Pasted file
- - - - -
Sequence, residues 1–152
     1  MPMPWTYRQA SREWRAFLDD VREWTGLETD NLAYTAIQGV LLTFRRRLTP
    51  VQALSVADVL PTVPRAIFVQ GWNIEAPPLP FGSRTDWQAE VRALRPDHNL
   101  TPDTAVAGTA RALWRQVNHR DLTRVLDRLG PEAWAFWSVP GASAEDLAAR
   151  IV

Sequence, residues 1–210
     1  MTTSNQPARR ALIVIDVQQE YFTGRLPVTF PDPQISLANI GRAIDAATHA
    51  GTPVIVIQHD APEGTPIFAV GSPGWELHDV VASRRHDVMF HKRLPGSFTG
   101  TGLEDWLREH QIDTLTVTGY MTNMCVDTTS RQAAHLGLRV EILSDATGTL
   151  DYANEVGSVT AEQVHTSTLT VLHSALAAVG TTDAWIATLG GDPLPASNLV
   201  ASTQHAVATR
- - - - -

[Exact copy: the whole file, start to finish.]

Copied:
Sequence, residues 1–152
     1  MPMPWTYRQA SREWRAFLDD VREWTGLETD NLAYTAIQGV LLTFRRRLTP
    51  VQALSVADVL PTVPRAIFVQ GWNIEAPPLP FGSRTDWQAE VRALRPDHNL
   101  TPDTAVAGTA RALWRQVNHR DLTRVLDRLG PEAWAFWSVP GASAEDLAAR
   151  IV

Sequence, residues 1–210
     1  MTTSNQPARR ALIVIDVQQE YFTGRLPVTF PDPQISLANI GRAIDAATHA
    51  GTPVIVIQHD APEGTPIFAV GSPGWELHDV VASRRHDVMF HKRLPGSFTG
   101  TGLEDWLREH QIDTLTVTGY MTNMCVDTTS RQAAHLGLRV EILSDATGTL
   151  DYANEVGSVT AEQVHTSTLT VLHSALAAVG TTDAWIATLG GDPLPASNLV
   201  ASTQHAVATR